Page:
State v. Springer

Annotate this Case

172 Kan. 239 (1952)

239 P.2d 944

STATE OF KANSAS, Appellee, v. BERT SPRINGER, Appellant.

No. 38,454

Supreme Court of Kansas.

Opinion filed January 26, 1952.

Phillip L. Harris and Robert A. Schermerhorn, both of Junction City, argued the cause and C.L. Hoover, of Junction City, was with them on the briefs for the appellant.

Lee Hornbaker, county attorney, argued the cause and Harold R. Fatzer, attorney general, was with him on the briefs for the appellee.

The opinion of the court was delivered by


In this case defendant was convicted of grand larceny of cattle. He appeals.

*240 After the verdict of guilty was returned defendant filed a motion for a new trial on some ten grounds. The only one raising this jury question is "That the court abused its discretion and thereby prevented the defendant from having a fair trial."

The specifications of error are that the trial court erred in overruling defendant's challenge for cause of prospective jurors, Belin and Cross.

Defendant divides its argument into three parts Did the court err in overruling the challenge for cause of prospective juror Belin?; Did the trial court err in overruling the challenge for cause of prospective juror Cross?; and did such overruling constitute reversible error?

G.S. 1949, 62-1409 provides as follows:

"It shall be a good cause of challenge to a juror that he has formed or expressed an opinion on the issue or any material fact to be tried."

Juror Belin on his voir dire examination first testified when examined by counsel for the state he had neither discussed the case with anyone nor read about it in the papers; that he knew defendant and his father. He further testified in answer to questions as to his lack of prejudice or preconceived opinions "Well, possibly not." In answer to a question "Do you have any preconceived opinions of this man's guilt or innocence right now?" "Well, just things that I have read in the papers a while back." He said he recalled some of them. In answer to another question he said "Well, I think I could judge on the evidence."

In answer to questions by counsel for the defendant he said he knew the family of defendant. In answer to an inquiry whether he had a preconceived opinion in the case he said "Well, I might have."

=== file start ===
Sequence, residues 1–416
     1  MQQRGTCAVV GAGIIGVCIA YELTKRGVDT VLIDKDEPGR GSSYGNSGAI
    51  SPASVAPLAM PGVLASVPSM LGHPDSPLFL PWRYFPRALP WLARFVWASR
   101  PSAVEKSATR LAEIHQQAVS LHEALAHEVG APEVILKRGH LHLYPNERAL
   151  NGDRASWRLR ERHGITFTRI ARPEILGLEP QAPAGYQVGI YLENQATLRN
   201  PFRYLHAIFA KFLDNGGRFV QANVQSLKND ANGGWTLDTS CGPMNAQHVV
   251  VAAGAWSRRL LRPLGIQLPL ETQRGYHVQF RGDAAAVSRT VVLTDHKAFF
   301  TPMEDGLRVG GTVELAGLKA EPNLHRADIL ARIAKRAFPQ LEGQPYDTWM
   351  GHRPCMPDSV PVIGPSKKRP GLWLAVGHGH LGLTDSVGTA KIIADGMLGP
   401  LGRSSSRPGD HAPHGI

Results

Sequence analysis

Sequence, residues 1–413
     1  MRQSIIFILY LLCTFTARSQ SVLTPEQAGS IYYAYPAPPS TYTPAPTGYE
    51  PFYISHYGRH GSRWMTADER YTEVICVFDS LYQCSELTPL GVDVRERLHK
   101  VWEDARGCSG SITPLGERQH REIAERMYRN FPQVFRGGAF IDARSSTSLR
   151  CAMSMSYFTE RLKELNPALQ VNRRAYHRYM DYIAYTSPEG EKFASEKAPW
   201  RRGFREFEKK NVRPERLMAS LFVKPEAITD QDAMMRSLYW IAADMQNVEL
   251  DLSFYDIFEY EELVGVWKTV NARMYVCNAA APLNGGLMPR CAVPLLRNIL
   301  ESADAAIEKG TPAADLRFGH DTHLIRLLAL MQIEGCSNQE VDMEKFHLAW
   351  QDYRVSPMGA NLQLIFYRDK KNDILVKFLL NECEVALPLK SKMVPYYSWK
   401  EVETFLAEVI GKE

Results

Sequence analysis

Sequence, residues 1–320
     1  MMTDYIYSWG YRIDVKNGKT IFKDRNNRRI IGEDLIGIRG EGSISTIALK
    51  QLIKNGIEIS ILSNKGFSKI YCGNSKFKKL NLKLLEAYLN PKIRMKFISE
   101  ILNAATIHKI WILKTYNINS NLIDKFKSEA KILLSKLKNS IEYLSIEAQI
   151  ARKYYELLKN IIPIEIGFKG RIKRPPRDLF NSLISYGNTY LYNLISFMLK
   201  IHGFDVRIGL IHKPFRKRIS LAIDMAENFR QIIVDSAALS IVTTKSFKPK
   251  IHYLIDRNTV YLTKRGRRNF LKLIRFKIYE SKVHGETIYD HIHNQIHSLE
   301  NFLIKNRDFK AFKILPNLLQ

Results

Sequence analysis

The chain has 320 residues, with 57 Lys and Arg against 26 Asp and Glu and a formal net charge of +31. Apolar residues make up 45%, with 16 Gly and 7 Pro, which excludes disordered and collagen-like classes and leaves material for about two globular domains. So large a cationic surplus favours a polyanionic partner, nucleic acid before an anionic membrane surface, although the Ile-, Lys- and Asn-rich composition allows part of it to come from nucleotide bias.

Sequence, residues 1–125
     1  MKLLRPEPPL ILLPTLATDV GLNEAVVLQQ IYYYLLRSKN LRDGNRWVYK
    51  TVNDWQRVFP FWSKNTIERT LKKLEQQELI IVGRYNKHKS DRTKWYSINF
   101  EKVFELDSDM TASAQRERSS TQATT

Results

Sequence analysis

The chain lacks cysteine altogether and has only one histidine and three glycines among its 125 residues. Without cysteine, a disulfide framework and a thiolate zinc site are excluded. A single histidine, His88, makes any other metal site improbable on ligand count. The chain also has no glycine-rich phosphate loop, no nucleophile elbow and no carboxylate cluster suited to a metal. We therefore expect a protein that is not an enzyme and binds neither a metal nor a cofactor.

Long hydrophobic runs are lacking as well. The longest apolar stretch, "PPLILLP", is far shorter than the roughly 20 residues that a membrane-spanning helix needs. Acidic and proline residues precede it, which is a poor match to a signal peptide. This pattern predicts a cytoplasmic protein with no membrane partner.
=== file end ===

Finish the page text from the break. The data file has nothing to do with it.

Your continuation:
The next question was "I see. Are there some opinions in your mind, Mr. Belin, that the defense will have to overcome in this case?" He testified "Yes, I think so."

At this point counsel for the defendant challenged him for cause. Thereupon the trial court interrogated as follows:

"The Court: Mr. Belin, if chosen as a juror in this case, do you think you could lay aside everything that you have read or heard of the case and decide it solely upon the evidence as you hear it from the witness stand and the law as given you by the court? A. I think so.

"Q. And you would do that? A. I would try."

The trial court then overruled the challenge.

*241 Thereupon counsel for defendant interrogated him.

"Q. Mr. Belin, do you have any personal or business reason why you cannot serve on this jury and arrive at a fair and impartial verdict regardless of how long that might take? A. Well, it would depend on the weather. I live out on dirt roads and I can't get out too well if it thawed out. It might be pretty hard for me to get there sometimes. "Q. After hearing all of the evidence that will be presented here to the jurors and you have formed a conviction as to the innocence or guilt of the defendant would you be willing to stick to that conviction when you retire to the jury room, regardless of how long it may take? A. Yes, sir.

"Mr. Harris: Pass for cause, your honor."

Juror Cross testified he had known the defendant for years. He further in answers to questions of counsel for the defendant testified, the men whose cattle defendant was charged with stealing were his cousins. At this point counsel for the defendant challenged him for cause. This was overruled.

Juror Mrs. Foerschler on her voir dire testified that she had read about the case in the newspapers but had not formed or expressed any opinion; that she was acquainted with defendant because she had worked for the county court and there was a case or two against him. On examination by counsel for defendant she testified these were liquor cases and she had a prejudice against drinking alcoholic beverages. In answer to further questions by counsel for defendant she testified as follows:

"Q. Are you a member of the WCTU? A. No.

"Q. Would the fact that the defendant might have been charged in the county court for some liquor violation, would that influence your decision in this matter? A. Absolutely not. "Q. You would try this cause strictly on the evidence that is presented here in this trial? A. That's right."

Defendant did not challenge Juror Foerschler for cause.

After a few more questions counsel for defendant stated: "Pass for cause, your honor."

After some twelve persons had been passed for cause the state accepted the jury and made no peremptory challenges.